A Papal bull of May 4, 1493 conferred upon Spain title to all lands discovered or yet to be discovered in the Western Ocean. Another on the day following divided the claims of Spain and Portugal by a line running North and South “100 leagues west of the Azores and the Cape Verde Islands” (an obscure statement in view of the fact that the Cape Verdes lie considerably to the westward of the other group) and granted to Spain a monopoly of commerce in the waters west and south (again an obscure phrase) of this line, so that no other nation could trade without license from the power in control. This was the extraordinary Papal decree dividing the waters of the world. Small wonder that the French King, Francis I, remarked that he refused to recognize the title of the claimants till they could produce the will of Father Adam, making them universal heirs; or that Elizabeth, when a century later England became interested in world trade, disputed a division contrary not only to common sense and treaties but to “the law of nations."

An interesting reference is made to the Sea Beggars of Holland and the North acting under letters of marque first issued by Louis of Nassau, brother of William of Orange. It was no uncommon practice for them to go over the rail of a merchant ship with pick and axe and kill every Spaniard on board. In 1569, William of Orange, however, appointed Seigneur de Lambres as admiral of this fleet and issued strict instructions to him to secure better order, avoid attacks on vessels of friendly and neutral states, enforce the articles of war, and carry a preacher on each ship.

During the Napoleonic War in December, 1800, the convention forming the Armed Neutrality of 1800 came into being, composed of Russia, Prussia, Sweden and Denmark, who pledged themselves to resist infringe

ments of neutral rights, whether by extension of contraband lists, seizure of enemy goods under neutral flags, search of vessels declared innocent by their naval convoy, and by other methods not unfamiliar in our own times.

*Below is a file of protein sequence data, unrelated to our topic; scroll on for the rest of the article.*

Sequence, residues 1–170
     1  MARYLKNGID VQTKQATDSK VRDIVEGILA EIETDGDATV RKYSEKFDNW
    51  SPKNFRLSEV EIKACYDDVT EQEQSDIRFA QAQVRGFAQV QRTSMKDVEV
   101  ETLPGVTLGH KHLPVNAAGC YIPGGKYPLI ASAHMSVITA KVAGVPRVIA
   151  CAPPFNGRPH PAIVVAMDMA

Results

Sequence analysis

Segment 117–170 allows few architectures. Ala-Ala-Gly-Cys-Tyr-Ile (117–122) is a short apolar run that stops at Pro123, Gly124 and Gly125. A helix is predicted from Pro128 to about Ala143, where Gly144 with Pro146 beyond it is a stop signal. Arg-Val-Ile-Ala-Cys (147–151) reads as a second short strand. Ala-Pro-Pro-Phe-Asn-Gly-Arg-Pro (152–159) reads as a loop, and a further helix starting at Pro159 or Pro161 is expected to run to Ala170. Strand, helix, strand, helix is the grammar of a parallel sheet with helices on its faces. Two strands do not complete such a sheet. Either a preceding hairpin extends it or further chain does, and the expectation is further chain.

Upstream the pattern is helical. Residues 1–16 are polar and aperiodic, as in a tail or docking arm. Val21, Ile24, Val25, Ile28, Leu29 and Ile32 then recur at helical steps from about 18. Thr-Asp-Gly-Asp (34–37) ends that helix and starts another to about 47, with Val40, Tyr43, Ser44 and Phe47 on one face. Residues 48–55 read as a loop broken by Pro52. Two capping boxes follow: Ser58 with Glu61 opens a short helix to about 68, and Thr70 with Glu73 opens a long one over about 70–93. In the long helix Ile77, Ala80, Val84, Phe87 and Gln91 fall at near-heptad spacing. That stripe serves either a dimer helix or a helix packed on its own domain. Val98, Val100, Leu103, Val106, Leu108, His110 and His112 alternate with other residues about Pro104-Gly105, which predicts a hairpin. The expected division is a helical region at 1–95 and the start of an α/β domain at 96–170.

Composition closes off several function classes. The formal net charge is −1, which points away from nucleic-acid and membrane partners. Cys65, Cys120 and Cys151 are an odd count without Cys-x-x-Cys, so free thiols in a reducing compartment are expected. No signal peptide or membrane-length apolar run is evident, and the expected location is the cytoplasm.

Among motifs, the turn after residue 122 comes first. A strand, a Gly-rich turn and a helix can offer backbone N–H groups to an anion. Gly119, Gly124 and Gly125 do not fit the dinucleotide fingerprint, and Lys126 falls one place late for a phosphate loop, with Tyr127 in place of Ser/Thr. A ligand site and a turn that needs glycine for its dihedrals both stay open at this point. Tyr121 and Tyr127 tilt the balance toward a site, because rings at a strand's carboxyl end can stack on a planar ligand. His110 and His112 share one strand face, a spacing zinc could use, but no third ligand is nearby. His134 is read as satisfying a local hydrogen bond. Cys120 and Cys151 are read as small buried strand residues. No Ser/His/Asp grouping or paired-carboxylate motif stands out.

In 1807, as a consequence of the Treaty of Tilsit, France was at liberty to take possession of the Danish fleet, then of considerable size, and use it against England. As a result and as a matter of self preservation, the attack upon the fleet and batteries of Copenhagen followed, the description of this engagement by the English fleet under Hyde Parker, of which fleet Nelson was the soul, being given fully. As to the international law of the matter, Dr. Stowell in his recent work upon Intervention, tersely and wisely says in his belief "that any intelligent government would disregard the neutrality of a power too weak to prevent itself from becoming an involuntary instrument for the carrying out of the enemy's designs.'

There are interesting references to the large re-export trade of the United States from the West Indies, only exceeded in 1915, to the revival of the doctrine of continuous voyages in the civil war and world war and a chapter on the commerce warfare of the world war, which brings the book up to date both in time and maritime warfare. The book is well and accurately written and of great interest to students in naval warfare and naval history.